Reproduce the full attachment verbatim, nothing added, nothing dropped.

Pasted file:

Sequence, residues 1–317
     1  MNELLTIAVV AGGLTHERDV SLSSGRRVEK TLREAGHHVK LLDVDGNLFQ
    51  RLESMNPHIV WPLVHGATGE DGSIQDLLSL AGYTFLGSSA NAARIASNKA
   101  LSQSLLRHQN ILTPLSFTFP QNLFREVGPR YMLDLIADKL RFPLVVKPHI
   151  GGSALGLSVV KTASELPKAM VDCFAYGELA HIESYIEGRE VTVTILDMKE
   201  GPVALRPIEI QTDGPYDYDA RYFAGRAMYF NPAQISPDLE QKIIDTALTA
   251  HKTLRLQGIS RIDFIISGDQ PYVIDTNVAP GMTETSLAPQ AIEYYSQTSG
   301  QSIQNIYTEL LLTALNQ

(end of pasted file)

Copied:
Sequence, residues 1–317
     1  MNELLTIAVV AGGLTHERDV SLSSGRRVEK TLREAGHHVK LLDVDGNLFQ
    51  RLESMNPHIV WPLVHGATGE DGSIQDLLSL AGYTFLGSSA NAARIASNKA
   101  LSQSLLRHQN ILTPLSFTFP QNLFREVGPR YMLDLIADKL RFPLVVKPHI
   151  GGSALGLSVV KTASELPKAM VDCFAYGELA HIESYIEGRE VTVTILDMKE
   201  GPVALRPIEI QTDGPYDYDA RYFAGRAMYF NPAQISPDLE QKIIDTALTA
   251  HKTLRLQGIS RIDFIISGDQ PYVIDTNVAP GMTETSLAPQ AIEYYSQTSG
   301  QSIQNIYTEL LLTALNQ